A new area code will be introduced into Ohio in response to the 740’s projected exhaustion in 2015.
The fate of the 740 area code was predicted by the North American Numbering Plan Administration, the organization that oversees all area code relief planning, and was reported to the Public Utilities Commission of Ohio. PUCO, in response, is responsible for coming up with a program to solve the problem.
Right now, PUCO is choosing between two different strategies, either an overlay or a split plan, to introduce a new area code into southeast Ohio where the current area code services.
The overlay option would assign the unknown area code to any new subscribers in the area while allowing current residents to retain the 740 area code.
“An overlay is just superimposing a new area code over the existing 740 area codes,” PUCO spokesman Jason Gilham said. “It would require everyone in the 750 area code to dial 10 digits.”
In contrast, the split would cut the area into east and west sections, assigning the new code to one undetermined side and letting the other side continue with the current one.
The exhaustion is being driven by an increase in cell phone use and credit card machines, which each have a number assigned to them, according to a Columbus Dispatch article. The growth of Delaware county, both economically and in population, is also a factor in the need for a new area code.
Ohio experienced a series of similar scenarios in 2000 and 2001 when the NANPA predicted that four area codes would become exhausted. While people with 330 and 419 area codes decided to go through with an overlay program, the NANPA actually changed its prediction regarding 614 and 513 area codes so that neither had to integrate new numbers.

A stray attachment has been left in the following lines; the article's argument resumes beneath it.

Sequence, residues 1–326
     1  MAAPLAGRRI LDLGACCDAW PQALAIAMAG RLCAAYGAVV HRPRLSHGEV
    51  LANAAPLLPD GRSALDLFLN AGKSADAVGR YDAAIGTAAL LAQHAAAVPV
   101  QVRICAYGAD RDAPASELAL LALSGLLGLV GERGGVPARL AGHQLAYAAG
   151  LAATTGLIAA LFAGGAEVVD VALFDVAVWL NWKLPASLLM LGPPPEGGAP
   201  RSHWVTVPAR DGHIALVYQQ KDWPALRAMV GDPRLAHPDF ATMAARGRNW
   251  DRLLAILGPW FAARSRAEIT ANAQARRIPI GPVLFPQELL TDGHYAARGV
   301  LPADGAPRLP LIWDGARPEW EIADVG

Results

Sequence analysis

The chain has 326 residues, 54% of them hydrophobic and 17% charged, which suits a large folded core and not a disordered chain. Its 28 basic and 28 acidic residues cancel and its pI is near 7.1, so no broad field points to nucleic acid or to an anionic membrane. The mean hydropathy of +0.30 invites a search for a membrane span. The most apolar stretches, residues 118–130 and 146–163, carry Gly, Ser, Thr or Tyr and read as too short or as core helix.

While Gilham acknowledges that a similar switch could happen within the 740 area, he said that the commission will continue to work based on the latest information provided for them.
“We’re continuing with this based on what [the NANPA] is telling us for second quarter 2013,” Gilham said. “We definitely realize the time sensitivity to this process.”
Before making the decision, the commission is listening to the opinions of both businesses and the public.
“We’ve heard from the industry side. They’ve already submitted their preference, so now the commission wants to hear from the public side,” Gilham said.
To do this, the public can submit their opinion before Nov. 27 to the Commission by mailing comments to 180 E. Broad St., Columbus, OH 43215 or by visiting www.puco.ohio.gov and clicking on the “740 area code exhaust” link.
“We want to gage people in this process,” Gilham said. “They’re the people who are going to be affected by this so we definitely want to encourage people to get involved.”